The Redeker plan works. It’s cold, it’s calculating, and it saves lives, maybe even the entire southern portion of the African continent. But at a tremendous ethical cost.
Pragmatism can be a great version of evil. It lets your villain do something bad, but for reasons that…actually make sense. Redeker makes a great evil character. He’s evil, but only because he’s willing to do something extreme, willing to see people as numbers and resources. He is evil, and he does an evil thing, but it might have been necessary.
As a note on this: Your evil person doesn’t have to be unfeeling or even totally on board with what they’re doing. They can just be the person with the knowledge and power to do the evil thing. They can be in an extreme circumstance where they view their actions as a difficult choice, emotion versus pragmatism.
Every Way Evil
In The Walking Dead comics, Robert Kirkman learned over time, and he perfected evil.
The first straight-up evil character is The Governor. He makes people fight in an arena, he’s a rapist, he kills people left and right, mutilates a main character, he’s incompetent, he’s just the worst in every possible way.
Then Negan comes along. Negan seems more evil in some ways. He puts no value on human life. BUT, he does not tolerate sexual assault. Rapists he encounters don’t come out alive. He also doesn't just kill people for no reason.
He's plotting, he's extreme, he's violent, but he's not evil in all the ways.
Way too many evil characters are evil in every possible way. It’s like, if there’s a checklist of ways to be evil, you don’t have to hit all of them, and in fact, if you pick and choose, it gives your character a little something.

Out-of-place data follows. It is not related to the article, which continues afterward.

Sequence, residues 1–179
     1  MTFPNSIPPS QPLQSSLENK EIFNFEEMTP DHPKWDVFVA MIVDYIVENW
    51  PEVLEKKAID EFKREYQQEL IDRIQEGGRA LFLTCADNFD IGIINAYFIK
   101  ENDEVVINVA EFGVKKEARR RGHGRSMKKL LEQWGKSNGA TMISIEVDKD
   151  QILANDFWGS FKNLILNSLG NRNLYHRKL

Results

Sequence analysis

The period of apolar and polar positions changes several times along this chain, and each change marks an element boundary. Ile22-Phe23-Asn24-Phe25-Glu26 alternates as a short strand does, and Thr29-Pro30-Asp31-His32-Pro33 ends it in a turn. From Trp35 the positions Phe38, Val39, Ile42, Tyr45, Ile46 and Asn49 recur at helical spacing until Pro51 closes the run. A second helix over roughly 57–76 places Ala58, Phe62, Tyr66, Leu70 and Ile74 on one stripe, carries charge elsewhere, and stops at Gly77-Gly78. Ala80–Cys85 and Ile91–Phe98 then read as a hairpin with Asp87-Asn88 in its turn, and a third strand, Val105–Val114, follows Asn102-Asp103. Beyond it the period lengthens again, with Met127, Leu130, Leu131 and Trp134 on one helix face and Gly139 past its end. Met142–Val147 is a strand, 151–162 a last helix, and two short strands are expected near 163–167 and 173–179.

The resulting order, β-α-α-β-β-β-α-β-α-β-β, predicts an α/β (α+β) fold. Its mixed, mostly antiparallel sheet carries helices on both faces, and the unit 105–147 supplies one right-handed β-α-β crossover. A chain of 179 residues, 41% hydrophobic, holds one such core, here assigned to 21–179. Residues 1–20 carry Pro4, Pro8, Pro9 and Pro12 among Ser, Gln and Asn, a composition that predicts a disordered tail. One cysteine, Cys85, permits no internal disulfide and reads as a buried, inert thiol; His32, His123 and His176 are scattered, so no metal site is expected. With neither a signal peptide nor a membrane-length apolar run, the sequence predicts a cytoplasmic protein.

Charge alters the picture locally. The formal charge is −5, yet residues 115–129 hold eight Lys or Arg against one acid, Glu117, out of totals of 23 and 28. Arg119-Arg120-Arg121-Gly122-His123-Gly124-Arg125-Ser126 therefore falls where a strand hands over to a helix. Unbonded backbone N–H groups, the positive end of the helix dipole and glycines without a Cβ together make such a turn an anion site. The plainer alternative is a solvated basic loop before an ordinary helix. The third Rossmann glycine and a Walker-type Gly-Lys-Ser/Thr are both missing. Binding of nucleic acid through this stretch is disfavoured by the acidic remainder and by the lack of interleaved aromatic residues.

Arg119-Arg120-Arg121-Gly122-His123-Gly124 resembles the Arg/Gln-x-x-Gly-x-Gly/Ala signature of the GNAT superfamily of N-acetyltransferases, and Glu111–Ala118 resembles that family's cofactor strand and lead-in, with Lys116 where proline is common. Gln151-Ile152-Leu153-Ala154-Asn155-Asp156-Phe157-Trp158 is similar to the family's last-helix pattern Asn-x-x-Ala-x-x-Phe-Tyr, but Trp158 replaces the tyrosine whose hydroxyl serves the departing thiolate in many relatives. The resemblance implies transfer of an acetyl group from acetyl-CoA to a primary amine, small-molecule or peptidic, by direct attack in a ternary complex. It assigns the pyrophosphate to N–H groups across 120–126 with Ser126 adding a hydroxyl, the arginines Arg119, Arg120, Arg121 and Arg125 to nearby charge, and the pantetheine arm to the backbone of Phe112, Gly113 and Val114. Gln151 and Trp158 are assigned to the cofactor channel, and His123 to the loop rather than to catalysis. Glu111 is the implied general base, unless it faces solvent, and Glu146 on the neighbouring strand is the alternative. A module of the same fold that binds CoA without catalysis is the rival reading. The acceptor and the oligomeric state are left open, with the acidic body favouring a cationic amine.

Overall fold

In the Simpsons episode “You Only Move Twice,” Homer goes to work for Hank Scorpio, who turns out to basically be a James Bond villain.
What makes him memorable is that he’s SUPER high energy.
Too many evil characters are morose loners who mope around and ooze evil. Frankly, in the real world, I’d prefer that. Sad sacks probably won’t accomplish quite as much evil as charismatic people who love to lead groups.
Wouldn’t you like to read a comic book where Lex Luthor was a high-energy go-getter? Sure, he’s trying to kill Superman, but all his employees’ desks double as ping-pong tables, and he’s cured a bunch of diseases, Metropolis’ public schools all have more useful technology than they can handle.
Wouldn't it be interesting to read about a version of Dracula who really has a lust for life? Who loves that he's immortal? Who's having a blast?
Give it a ponder: Would my evil character be more intriguing if he had a personality?